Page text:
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Infrastructure: How To Fill Up, On Hydrogen

by Melody M. Bomgardner
November 17, 2014 | A version of this story appeared in Volume 92, Issue 46

Range anxiety. For many drivers of all-electric vehicles, this psychological condition impinges upon the satisfaction that comes from spending big bucks to decrease one’s carbon footprint. But eco-minded drivers who choose fuel-cell vehicles don’t have to worry about being stranded with a dead battery.

A hydrogen fuel-cell vehicle is a type of electric vehicle. Thanks to the ability to carry around hydrogen, fuel-cell cars can generate enough electricity to travel 400 miles or more without stopping for a fill-up. That’s a comforting margin compared with 66 to 84 miles for the electric Nissan Leaf.

Credit: Linde
Fuel-cell vehicle drivers will be able to fill up at Linde’s hydrogen station in Unterschleissheim, Germany.
A photograph of Linde’s hydrogen fuel station in Unterschleissheim, Germany. The building contains three large glass shaped structures.
Credit: Linde
Fuel-cell vehicle drivers will be able to fill up at Linde’s hydrogen station in Unterschleissheim, Germany.

Another bonus: Filling up a tank of hydrogen takes about three minutes, rather than the hours required to recharge an electric-car battery. But finding a station that delivers hydrogen is much more difficult than locating an electrical outlet, at least for now.

Hydrogen fuel stations are beginning to pop up in certain areas of California, Japan, Germany, and the U.K., totaling around three dozen today. They are pricey to install, costing between $1 million and $2 million apiece. And at the moment, they get little use; fuel-cell cars on the road today number in the hundreds. But proponents of fuel-cell transportation acknowledge that the stations must come first.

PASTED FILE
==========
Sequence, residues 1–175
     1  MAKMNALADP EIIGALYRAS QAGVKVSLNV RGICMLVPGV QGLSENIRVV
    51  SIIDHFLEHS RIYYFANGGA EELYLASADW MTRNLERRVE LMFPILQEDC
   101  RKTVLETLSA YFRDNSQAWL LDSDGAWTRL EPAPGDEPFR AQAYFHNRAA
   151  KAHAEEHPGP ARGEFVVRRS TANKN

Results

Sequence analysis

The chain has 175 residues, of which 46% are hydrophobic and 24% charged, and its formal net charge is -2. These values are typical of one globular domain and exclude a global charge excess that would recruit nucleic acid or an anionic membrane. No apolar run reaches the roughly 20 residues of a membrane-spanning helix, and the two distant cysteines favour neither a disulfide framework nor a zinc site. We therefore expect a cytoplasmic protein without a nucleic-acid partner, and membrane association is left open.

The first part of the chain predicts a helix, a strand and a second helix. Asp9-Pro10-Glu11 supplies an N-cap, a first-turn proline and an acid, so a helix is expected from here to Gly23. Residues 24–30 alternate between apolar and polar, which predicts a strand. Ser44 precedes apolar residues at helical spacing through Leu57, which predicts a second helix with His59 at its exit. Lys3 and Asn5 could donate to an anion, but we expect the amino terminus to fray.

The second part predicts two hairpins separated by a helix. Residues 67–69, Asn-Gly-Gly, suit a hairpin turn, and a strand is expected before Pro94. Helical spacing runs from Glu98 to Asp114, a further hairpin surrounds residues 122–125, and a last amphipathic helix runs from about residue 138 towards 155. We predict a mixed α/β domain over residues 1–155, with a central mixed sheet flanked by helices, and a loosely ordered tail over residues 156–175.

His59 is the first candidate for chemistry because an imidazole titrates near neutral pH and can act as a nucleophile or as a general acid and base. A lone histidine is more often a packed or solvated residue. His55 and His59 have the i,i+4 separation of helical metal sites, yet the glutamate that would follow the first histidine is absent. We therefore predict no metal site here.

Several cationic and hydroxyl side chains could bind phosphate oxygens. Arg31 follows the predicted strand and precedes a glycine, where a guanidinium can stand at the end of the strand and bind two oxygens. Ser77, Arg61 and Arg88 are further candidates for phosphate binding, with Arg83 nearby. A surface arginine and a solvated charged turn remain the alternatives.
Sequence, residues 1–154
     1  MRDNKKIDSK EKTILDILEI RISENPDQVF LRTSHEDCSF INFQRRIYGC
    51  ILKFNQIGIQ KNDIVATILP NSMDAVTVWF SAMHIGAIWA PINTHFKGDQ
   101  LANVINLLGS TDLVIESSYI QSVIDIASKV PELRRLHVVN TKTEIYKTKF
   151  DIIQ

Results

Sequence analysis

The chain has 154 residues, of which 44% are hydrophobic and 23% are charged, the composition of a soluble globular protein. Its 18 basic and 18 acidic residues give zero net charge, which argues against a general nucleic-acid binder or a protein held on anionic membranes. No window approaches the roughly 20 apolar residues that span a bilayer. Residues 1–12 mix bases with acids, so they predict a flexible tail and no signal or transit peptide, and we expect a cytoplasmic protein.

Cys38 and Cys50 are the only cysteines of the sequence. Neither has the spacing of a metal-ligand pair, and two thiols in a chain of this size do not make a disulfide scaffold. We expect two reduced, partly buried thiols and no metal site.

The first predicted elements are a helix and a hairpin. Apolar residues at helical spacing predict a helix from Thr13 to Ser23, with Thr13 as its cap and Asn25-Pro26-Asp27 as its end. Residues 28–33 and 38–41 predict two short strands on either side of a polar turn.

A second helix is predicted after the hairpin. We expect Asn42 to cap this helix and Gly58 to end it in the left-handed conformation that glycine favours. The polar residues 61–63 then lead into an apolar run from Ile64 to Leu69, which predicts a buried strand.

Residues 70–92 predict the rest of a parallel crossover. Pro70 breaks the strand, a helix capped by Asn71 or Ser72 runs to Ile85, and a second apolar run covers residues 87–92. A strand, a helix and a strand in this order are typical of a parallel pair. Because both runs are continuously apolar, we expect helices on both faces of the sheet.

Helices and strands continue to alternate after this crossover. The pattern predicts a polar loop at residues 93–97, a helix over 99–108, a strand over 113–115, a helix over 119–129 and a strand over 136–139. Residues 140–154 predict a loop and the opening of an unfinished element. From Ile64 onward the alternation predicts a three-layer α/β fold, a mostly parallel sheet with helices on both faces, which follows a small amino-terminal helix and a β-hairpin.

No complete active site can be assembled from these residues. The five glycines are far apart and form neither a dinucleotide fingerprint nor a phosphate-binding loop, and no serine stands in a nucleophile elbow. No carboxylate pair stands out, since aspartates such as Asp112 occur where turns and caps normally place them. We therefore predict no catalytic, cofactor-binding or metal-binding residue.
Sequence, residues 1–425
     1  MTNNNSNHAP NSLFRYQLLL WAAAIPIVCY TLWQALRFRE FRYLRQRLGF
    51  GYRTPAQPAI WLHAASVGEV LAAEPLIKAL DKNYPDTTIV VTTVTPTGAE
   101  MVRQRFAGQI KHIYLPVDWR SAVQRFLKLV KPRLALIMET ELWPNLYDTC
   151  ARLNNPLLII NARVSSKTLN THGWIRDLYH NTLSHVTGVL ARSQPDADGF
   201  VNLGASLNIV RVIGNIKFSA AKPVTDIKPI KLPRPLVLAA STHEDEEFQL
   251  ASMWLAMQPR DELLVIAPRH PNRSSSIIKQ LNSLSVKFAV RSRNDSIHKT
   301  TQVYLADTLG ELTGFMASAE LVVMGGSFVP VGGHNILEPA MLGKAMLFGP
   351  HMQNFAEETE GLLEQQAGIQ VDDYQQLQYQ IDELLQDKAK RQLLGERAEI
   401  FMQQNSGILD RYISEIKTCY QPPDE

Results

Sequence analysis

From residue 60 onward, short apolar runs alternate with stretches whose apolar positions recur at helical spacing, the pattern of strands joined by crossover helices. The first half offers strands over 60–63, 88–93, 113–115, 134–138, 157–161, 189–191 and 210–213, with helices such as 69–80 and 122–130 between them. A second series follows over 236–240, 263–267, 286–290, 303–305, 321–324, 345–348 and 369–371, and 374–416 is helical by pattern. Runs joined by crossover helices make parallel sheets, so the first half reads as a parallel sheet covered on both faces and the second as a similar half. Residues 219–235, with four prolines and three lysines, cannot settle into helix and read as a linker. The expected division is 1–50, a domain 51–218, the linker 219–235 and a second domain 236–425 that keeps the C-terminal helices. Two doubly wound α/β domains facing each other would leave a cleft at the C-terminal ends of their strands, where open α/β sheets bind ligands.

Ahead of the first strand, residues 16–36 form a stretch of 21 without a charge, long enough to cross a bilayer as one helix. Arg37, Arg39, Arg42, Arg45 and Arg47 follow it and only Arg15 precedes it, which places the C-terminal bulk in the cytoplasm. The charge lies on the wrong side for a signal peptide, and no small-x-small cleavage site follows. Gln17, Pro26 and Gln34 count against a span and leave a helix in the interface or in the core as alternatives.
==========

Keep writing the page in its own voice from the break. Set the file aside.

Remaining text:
Thanks to government grants, as well as partnerships of automakers, industrial gas firms, and hydrogen station development companies, many more stations will be operational in 2015 and beyond. “Governments have been very supportive. There is a big driving force to convert to this technology and get infrastructure out there to support the rollout of fuel-cell vehicles,” says Michael Beckman, head of hydrogen fueling at Linde North America.

Last month, Daimler and Linde said they will spend $26 million to install 20 stations in Germany. California currently has nine open stations, with 49 in development, according to the California Fuel Cell Partnership. In May, the California Energy Commission announced $50 million in grants that are funding 28 stations. A major awardee, FirstElement Fuel, also received loan backing from Toyota Motor.

There’s no problem with supplies of hydrogen to stock the stations. Industrial gas firms such as Linde, Air Products & Chemicals, and Air Liquide stand ready to meet demand. But most of those fill-ups of hydrogen will be made from fossil fuel—specifically natural gas via the steam reforming of methane.

“This is the number one concern that we hear from many people: ‘It’s only emission-free if hydrogen comes from renewable sources,’ they say, and it’s a fully valid point,” says Matthias Gebert, product manager for fuel-cell membranes at chemical maker Solvay.

Experts envision a few routes to renewable hydrogen production. For instance, methane captured from organic waste can take the place of gas from underground, Linde’s Beckman points out.

Another option is to electrolyze water into hydrogen—with devices closely related to fuel cells—using renewable but intermittent energy sources such as solar or wind. Gebert sees this happening within a decade or two. “The clean well-to-wheel energy chain will thus become complete,” he says.


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